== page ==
CSExtra – Thursday, July 11, 2013
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Thursday’s CSExtra offers the latest reporting and commentary on space related activities from across the globe. In Washington, NASA faced rough sledding Wednesday in House appropriation and authorization proceedings: spending is cut and efforts to underscore Mars as a human destination are rejected. NASA Administrator Charles Bolden emphasizes the merits of an asteroid re-direct mission. More proceedings await. U. S. legislators warm to the idea of a lunar national park to protect the Apollo landing sites. An ion thruster sets a record at NASA’s Glenn Research Center. The solar system has a tail. Astronomers observe with space telescopes as a massive star is born. Russia’s latest Progress launch may have been doomed by a sensor failure. Venus shines brightly as the sun sets.
1. From Space News: House appropriators approve a $16.6 billion budget for NASA in fiscal year 2014, the lowest total since 2007. Full Science Committee and House votes loom. The U. S. Senate must act as well. The White House sought $17.7 billion for the 2014 fiscal year.
A. From Space News: In separate proceedings, a House authorization panel divides across party lines over NASA long term policy. White House plans for NASA to corral an asteroid into lunar orbit are dashed by a Republican majority along with a Democratic attempt to specify Mars as the nation’s long term destination for human explorers.
B. From Florida Today: In the House, an authorization panel would restrict NASA spending to $16.8 billion in fiscal years 2014-15. Earth science spending is reduced. NASA’s asteroid re-direct mission is rejected.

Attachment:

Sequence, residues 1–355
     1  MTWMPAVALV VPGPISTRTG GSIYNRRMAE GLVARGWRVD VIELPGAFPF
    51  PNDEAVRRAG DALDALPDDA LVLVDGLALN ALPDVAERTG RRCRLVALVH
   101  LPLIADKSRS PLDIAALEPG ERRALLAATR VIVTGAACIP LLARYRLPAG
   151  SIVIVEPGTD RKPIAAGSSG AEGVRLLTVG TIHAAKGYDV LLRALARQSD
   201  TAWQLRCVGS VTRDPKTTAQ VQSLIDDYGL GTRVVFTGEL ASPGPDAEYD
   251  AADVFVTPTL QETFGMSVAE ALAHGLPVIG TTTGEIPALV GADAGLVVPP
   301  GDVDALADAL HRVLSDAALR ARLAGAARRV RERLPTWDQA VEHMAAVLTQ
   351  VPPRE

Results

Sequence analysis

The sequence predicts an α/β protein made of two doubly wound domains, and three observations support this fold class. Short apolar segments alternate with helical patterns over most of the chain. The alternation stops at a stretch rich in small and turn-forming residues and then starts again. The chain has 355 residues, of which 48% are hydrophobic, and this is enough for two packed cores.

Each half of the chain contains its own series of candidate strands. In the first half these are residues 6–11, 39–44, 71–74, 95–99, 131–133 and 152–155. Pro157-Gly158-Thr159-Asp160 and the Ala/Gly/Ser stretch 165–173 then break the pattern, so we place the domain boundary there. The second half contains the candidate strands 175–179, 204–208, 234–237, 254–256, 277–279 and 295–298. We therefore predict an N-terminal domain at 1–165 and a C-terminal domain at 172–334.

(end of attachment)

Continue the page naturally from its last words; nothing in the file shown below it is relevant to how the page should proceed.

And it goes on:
C. From The Hill: In an op-ed, NASA Administrator Charles Bolden explains that a White House initiative that directs NASA to find, secure and re-direct an asteroid into lunar orbit represents a difficult challenge, one that would prepare a global community to thwart a destructive strike from an asteroid or comet.
D. From Spacepolitics.com: The website offers a score card comparison between the prevailing Republican and Democratic authorization measures that the House Space Subcommittee considered on Wednesday.
E. From Spacepolicyonline.com: NASA’s appropriations and authorization processes are not yet complete. The full House and Senate must act as well. A conference committee of both the House and Senate would attempt to resolve differences.
2. From The Washington Post: In response to growing commercial space interest in the moon, Congress ponders legislation that would protect the Apollo mission landing sites. A national park designation may be in order.
3. From USAToday: At NASA’s Glenn Research Center, engineers set a propulsion test record. An ion thruster has been operating continuously for 5 1/2 years. The device is suited for deep space missions, where sustained performance is a must.
4. From Discovery.com: The solar system has a tail, according to findings from NASA’s Interstellar Boundary Explorer.
5. From The Los Angeles Times: U. S. and European space observatories provide astronomers with a front row seat to the unusual formation of a massive star.
6. From Spacepolicyonline.com: Improperly installed angular velocity sensors may be to blame for Russia’s spectacular July 2 Proton rocket loss.
7. From Space.com: Venus shines brightly, where skies are clear, in the western skies of the northern hemisphere just after sunset for much of this month.
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